This week we’re seeing the triumphant relaunching of Hollywood’s blockbuster dinosaur franchise after an almost fifteen year absence with Jurassic World hitting theaters and breaking records, so there’s no time like the present to look at some of the coolest dino-themed games to hit our favorite consoles over the years. Dinosaurs make everything cooler, and video games are not an exception to that rule. So to celebrate the successful return of giant prehistoric creatures to the big screen, here are five of my favorite dino-themed games. Hold on to your butts.
Not to be confused with the original Jurassic Park game for the SNES (which was cool, but not cool enough to make the top five), this slice of awesome was brought to us by Telltale Games just before they became the toast of the gaming world following the massive success of their take on The Walking Dead. Reading the reviews for this one, you’d think it wasn’t as good. You’d be wrong. PlayStation 3 and Xbox 360 owners, it’s not too late.
Telltale’s Jurassic Park suffered from being just slightly ahead of its time and utilizing a franchise that hadn’t been cool since the mid-90’s before lackluster sequels made us forget that the original film was one of the most amazing things ever put on the big screen at the time. Jurassic Park: The Game has the memorable characters, smart writing, unpredictable story, tension, and interactivity we love from Telltale, but with the massive action set pieces and killer visuals of a summer blockbuster.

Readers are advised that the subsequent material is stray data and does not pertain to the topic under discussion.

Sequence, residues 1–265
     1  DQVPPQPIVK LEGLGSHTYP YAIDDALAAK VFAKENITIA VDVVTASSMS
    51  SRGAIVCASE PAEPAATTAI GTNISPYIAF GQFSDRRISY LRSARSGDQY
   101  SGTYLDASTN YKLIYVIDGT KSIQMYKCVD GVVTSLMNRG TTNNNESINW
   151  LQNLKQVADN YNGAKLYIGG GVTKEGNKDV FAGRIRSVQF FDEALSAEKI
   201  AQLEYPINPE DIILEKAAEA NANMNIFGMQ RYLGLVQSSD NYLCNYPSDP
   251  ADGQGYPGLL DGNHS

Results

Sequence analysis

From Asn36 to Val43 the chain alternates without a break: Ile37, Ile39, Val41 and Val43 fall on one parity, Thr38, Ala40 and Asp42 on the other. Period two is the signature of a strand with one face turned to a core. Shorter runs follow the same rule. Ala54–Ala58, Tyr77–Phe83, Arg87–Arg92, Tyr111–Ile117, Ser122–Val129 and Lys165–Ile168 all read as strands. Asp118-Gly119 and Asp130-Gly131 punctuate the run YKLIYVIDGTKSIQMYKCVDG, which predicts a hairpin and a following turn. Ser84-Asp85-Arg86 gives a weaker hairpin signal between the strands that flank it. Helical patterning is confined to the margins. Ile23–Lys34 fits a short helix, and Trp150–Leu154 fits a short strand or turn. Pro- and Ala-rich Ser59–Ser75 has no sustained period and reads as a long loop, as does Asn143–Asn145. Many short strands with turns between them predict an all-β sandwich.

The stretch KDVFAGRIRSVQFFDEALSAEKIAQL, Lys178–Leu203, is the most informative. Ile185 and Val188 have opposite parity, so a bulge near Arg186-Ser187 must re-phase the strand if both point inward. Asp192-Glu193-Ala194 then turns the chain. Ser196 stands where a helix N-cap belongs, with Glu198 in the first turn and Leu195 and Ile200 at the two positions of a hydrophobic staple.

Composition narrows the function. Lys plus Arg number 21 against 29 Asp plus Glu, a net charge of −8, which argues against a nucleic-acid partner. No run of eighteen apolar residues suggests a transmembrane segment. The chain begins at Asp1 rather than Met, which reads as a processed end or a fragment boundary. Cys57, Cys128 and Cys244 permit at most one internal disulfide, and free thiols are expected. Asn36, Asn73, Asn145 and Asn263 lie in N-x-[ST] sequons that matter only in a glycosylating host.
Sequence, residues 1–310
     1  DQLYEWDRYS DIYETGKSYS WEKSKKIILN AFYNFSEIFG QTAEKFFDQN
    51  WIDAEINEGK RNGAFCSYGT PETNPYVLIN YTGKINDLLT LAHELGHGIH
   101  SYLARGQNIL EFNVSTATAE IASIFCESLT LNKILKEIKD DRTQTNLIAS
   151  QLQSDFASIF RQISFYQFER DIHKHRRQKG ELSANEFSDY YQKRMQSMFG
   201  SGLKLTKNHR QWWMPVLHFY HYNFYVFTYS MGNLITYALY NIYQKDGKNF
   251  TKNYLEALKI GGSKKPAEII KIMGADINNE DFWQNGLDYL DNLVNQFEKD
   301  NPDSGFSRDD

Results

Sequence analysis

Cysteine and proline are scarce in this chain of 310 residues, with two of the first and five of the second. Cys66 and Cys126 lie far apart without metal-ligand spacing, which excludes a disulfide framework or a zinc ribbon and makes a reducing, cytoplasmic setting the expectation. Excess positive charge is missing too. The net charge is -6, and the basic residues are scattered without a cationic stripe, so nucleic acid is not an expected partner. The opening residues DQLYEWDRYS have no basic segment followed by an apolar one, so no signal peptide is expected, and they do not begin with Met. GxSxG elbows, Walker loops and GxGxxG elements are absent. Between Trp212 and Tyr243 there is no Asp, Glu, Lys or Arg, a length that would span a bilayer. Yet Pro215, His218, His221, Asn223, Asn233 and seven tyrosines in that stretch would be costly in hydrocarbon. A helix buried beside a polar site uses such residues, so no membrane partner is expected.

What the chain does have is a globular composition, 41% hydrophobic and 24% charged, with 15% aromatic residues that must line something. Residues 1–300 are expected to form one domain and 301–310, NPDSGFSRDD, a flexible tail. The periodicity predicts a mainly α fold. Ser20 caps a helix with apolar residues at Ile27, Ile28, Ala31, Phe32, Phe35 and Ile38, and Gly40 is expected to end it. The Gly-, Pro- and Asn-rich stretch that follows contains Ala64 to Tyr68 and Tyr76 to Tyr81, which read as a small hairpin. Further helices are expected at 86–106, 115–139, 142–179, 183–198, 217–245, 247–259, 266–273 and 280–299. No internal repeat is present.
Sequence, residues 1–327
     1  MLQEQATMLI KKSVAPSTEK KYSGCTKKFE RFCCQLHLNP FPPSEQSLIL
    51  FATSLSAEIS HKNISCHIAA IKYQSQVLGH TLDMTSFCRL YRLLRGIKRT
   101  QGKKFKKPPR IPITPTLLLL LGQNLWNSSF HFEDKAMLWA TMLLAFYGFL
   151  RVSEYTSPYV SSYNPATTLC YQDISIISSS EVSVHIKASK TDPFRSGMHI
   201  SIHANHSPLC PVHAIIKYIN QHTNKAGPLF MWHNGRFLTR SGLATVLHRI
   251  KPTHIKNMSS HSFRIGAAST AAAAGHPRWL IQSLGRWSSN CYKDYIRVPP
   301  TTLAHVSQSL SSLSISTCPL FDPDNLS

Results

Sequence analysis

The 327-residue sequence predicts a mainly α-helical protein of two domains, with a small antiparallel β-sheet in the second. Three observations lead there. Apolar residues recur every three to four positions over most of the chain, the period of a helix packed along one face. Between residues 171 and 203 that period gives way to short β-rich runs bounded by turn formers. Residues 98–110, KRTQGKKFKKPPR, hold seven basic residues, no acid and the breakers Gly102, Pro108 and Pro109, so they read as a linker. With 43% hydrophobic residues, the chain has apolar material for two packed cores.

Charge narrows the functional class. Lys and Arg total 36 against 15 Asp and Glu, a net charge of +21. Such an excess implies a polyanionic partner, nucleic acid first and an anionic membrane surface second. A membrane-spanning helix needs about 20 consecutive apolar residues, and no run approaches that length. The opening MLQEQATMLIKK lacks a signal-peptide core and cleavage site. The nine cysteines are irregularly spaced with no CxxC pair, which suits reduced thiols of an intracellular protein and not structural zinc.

The story runs parallel to and beyond the events of the film with species not featured in the original narrative -including the Mosasaur featured prominently in Jurassic World– and goes so far as to attempt to fill in some of the gaping scientific holes left in the film by further expanding on details from Michael Crichton’s original novel. In spite of its linear path, this game does not half-ass. If you’re a fan of Telltale Games and Jurassic Park and haven’t played this, you’ve missed out.